All residential units will be built to meet a three-star rating in the Austin Energy Green-
Building Program. Commercial development, including multi-family units, will meet a
two-star rating in Austin Energy’s program or will be LEED-certified.
Are you working with an expert to ensure that green building is appropriately
incorporated into the redevelopment?
Yes. The City and Catellus are working with Gail Vittori, co-director of The Center For
Maximum Potential Building Systems.
Vittori has worked on other significant projects, including the Dell Children’s Medical
Center of Central Texas, the Pentagon Renovation Program (Washington, D.C.), the
University of Texas at Houston Health Science Center, the Downtown Homeless Shelter
and Austin’s 911 Emergency Management Center.
What innovative tools are being incorporated into the Mueller redevelopment?
Mueller offers several unique opportunities to successfully apply green building and new
Among Mueller’s objectives are:
Onsite Cooling-Heating Power (CHP) plant – Austin Energy is providing an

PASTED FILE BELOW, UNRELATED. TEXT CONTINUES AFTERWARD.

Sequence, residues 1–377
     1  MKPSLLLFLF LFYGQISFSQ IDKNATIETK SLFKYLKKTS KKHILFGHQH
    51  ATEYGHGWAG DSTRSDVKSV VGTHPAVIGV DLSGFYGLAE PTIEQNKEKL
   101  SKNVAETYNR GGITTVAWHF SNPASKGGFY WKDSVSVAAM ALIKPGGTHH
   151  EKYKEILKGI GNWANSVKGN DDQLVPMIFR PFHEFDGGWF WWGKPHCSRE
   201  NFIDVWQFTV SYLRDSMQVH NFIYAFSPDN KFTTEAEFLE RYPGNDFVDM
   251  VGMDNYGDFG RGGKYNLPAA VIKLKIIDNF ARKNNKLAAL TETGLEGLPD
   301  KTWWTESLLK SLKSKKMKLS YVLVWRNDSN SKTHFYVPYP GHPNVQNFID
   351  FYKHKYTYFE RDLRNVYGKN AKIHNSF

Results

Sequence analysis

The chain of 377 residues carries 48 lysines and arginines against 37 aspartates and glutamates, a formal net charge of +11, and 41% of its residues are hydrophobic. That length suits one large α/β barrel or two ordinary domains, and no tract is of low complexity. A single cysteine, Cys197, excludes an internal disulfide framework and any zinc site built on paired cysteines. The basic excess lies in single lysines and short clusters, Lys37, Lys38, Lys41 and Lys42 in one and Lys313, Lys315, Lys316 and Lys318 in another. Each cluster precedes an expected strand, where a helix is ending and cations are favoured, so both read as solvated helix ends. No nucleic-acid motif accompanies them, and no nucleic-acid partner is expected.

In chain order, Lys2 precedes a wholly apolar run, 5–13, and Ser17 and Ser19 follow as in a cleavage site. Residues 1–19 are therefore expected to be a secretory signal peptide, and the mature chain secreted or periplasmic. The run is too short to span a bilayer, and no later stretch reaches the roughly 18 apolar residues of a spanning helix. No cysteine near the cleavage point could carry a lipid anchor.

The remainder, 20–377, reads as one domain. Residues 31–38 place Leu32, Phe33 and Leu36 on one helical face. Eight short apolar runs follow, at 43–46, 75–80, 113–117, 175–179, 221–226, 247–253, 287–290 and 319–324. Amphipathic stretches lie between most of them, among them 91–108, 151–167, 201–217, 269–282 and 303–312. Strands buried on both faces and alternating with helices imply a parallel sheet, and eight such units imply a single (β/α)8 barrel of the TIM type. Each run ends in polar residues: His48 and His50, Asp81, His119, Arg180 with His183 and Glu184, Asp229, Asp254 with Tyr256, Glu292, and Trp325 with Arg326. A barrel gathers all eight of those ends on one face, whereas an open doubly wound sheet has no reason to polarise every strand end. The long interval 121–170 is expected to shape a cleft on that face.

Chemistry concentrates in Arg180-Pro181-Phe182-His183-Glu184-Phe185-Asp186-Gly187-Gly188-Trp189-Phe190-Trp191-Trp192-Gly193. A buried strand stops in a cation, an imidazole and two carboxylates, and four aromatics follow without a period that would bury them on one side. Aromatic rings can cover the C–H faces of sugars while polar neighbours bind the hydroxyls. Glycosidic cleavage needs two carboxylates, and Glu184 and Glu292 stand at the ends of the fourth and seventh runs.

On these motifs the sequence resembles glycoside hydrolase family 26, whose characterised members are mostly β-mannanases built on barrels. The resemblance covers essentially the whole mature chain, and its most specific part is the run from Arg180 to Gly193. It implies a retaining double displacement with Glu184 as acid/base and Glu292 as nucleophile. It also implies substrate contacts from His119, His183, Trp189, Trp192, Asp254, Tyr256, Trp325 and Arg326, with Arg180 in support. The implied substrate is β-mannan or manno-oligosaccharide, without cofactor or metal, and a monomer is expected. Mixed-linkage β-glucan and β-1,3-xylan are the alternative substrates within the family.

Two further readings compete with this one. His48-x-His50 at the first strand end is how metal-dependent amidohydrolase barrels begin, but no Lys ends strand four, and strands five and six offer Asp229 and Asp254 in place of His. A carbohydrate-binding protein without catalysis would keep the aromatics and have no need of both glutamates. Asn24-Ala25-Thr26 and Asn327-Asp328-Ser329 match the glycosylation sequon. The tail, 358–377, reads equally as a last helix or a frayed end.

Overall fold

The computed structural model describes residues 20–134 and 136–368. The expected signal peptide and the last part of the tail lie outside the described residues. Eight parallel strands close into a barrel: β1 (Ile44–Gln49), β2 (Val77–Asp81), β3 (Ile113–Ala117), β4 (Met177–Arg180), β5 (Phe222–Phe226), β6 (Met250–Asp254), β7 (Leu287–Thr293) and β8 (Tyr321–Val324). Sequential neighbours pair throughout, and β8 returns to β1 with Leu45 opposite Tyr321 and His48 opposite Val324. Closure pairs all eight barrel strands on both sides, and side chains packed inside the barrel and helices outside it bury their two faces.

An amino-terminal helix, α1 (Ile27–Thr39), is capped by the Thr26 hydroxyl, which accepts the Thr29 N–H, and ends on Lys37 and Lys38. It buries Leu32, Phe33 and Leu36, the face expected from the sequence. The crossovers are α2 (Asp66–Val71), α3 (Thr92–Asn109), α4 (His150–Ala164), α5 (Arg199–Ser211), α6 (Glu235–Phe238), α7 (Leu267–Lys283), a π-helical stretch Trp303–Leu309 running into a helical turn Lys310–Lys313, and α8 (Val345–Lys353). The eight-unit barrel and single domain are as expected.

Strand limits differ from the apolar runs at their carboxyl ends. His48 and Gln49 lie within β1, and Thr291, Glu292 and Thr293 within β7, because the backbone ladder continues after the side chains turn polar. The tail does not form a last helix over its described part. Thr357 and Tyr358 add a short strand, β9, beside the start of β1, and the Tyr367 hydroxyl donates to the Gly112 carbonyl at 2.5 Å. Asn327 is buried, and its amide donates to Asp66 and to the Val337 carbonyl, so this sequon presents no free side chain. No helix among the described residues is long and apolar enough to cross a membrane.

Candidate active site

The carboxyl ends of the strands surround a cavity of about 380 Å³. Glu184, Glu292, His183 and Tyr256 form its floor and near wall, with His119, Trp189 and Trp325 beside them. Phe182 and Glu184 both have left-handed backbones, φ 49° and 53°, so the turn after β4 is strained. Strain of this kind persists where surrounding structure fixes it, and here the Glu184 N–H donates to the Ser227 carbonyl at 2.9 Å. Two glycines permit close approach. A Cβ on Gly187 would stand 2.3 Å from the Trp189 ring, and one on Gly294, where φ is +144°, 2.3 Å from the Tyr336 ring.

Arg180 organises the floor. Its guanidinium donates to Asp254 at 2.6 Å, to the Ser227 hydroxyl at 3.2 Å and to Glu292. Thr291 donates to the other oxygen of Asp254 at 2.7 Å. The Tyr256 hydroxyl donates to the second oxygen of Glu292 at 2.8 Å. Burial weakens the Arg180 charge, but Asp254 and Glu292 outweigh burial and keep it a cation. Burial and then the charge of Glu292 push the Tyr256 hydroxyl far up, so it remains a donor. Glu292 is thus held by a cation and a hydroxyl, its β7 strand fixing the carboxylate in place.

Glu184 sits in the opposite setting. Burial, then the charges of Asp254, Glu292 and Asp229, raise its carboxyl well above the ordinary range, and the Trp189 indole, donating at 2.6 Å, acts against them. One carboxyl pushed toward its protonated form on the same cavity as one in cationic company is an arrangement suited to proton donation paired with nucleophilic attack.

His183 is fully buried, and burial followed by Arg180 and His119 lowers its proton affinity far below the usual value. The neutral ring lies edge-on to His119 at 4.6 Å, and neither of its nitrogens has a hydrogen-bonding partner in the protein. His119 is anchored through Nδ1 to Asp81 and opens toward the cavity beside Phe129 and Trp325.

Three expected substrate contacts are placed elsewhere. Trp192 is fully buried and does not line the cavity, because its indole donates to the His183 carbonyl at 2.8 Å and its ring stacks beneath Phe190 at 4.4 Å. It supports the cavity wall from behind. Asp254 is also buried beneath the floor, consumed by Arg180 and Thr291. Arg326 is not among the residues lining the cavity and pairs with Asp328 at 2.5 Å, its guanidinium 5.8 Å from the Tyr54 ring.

innovative onsite plant to meet the electrical and thermal needs for the new
Dell Children’s Medical Center of Central Texas. This allows new
developments to be designed without chillers, cooling towers and noisy
Park System Design – Mueller’s park system is being designed to reduce off-
site flooding and to naturally remove pollutants before it is released into
natural stream systems.
Deconstruction of runways and buildings – Mueller will recycle and reuse
runway and building materials in the redevelopment.
What is being done at Mueller to counter the urban heat island effect?
The urban heat island effect is the result of non-shaded, heat-absorbing impervious cover.
It adds to the temperature, especially in regions like Austin, characterized by long, hot
Through sensible hydrologic, landscape and building approaches, the urban heat island